We had spent the night at the beautiful Capo Vaticano, from where we had great views along the coast, to Sicily and the Aeolian islands. We visited Tropea next, which lies splendidly on a cliff above the sea.
The church dedicated to St. Mary of Romania was built in the Norman style on the foundations of an older Byzantine church and was completed in the second half of the 12th century. At that time, Tropea was part of the Norman Kingdom of Sicily. The main altar is decorated with a portrait of Mary of Romania, who is said to have spared Tropea from the effects of a severe earthquake in 1638.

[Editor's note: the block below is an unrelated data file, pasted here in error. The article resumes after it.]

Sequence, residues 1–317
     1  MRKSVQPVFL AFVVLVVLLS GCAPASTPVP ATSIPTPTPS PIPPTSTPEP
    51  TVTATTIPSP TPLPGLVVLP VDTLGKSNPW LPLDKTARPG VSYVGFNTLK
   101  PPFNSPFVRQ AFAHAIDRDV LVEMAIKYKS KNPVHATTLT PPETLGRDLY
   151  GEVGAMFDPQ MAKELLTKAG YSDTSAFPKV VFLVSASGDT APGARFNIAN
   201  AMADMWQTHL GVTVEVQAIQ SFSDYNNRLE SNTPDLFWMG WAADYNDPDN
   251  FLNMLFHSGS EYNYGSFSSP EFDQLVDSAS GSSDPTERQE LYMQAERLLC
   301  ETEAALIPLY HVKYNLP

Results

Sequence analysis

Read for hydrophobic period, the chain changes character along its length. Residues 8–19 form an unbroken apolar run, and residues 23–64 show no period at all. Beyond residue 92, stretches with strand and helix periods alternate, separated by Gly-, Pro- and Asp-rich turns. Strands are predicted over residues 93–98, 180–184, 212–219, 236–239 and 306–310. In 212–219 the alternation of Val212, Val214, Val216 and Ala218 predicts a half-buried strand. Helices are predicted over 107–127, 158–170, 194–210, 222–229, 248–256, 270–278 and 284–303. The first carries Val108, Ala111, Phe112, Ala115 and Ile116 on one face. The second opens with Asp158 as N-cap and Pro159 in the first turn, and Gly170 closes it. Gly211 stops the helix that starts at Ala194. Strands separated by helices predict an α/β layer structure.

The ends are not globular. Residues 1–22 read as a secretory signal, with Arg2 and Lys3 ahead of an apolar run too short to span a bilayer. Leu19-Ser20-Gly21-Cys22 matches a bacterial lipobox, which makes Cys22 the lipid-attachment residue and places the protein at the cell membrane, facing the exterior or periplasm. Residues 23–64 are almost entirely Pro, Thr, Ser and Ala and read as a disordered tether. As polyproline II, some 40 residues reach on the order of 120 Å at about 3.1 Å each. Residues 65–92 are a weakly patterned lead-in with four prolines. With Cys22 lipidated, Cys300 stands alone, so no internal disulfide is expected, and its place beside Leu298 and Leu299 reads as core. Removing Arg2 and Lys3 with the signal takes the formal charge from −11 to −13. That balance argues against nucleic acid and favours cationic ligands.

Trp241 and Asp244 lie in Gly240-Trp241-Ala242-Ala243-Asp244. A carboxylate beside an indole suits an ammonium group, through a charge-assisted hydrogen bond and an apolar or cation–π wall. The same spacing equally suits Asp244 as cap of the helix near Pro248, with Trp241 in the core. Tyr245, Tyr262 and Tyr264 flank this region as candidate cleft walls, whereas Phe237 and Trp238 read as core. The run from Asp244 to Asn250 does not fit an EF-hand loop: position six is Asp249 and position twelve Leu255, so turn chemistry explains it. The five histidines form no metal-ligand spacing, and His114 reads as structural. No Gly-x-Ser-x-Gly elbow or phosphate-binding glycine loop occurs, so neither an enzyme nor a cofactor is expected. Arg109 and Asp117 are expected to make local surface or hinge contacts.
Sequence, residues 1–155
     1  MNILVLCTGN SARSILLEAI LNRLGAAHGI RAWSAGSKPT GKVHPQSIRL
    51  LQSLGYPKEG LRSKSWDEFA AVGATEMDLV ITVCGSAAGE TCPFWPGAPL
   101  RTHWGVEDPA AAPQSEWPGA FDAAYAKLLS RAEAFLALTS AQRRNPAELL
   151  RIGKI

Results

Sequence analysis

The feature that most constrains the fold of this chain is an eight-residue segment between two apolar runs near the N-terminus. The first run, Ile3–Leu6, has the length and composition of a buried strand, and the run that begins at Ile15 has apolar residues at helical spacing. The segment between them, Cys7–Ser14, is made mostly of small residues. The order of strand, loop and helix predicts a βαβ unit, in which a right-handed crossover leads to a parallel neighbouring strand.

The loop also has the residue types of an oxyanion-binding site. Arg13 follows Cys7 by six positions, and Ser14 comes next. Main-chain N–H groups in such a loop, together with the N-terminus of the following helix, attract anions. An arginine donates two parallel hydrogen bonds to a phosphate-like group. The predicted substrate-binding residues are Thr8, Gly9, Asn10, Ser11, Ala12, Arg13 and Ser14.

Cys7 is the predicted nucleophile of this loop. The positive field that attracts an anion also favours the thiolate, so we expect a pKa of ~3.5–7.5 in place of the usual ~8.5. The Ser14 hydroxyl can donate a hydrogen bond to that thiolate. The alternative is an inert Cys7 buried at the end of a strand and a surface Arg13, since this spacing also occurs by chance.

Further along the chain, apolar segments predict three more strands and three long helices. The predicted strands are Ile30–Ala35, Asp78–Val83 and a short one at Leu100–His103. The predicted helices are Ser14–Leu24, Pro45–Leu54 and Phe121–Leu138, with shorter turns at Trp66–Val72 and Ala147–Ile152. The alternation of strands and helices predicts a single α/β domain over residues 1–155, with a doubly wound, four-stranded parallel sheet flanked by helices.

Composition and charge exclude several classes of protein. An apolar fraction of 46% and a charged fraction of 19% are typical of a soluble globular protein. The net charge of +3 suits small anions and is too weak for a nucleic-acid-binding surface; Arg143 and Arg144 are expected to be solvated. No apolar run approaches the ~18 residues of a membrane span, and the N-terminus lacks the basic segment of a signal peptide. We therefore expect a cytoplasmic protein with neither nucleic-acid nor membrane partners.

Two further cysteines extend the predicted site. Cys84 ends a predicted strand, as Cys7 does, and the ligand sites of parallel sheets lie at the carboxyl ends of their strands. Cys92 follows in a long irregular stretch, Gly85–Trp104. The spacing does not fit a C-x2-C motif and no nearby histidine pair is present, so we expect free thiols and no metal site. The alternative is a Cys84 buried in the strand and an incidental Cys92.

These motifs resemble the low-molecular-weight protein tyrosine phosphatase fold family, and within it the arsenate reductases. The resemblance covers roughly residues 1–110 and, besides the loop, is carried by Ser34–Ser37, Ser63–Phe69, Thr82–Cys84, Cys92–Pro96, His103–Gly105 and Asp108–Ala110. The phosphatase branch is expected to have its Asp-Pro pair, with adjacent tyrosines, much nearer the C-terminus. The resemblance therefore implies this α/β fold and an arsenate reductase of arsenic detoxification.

Tropea might be full of life in summer, but in February every shop and restaurant in the old town is closed. We were desperately looking for an open restaurant and luckily we finally succeeded (If I get hungry, I get really grumpy). Pizza, pasta, wine, coffee and Tartufo di Pizzo and we were happy again.
We are heading North again, trying to get to the sights we want to see, before our Green Pass expires, which is very soon. What a crazy world this is! The next stop will be at Paestum, which I remember well from a trip as a teenager – more on our next post!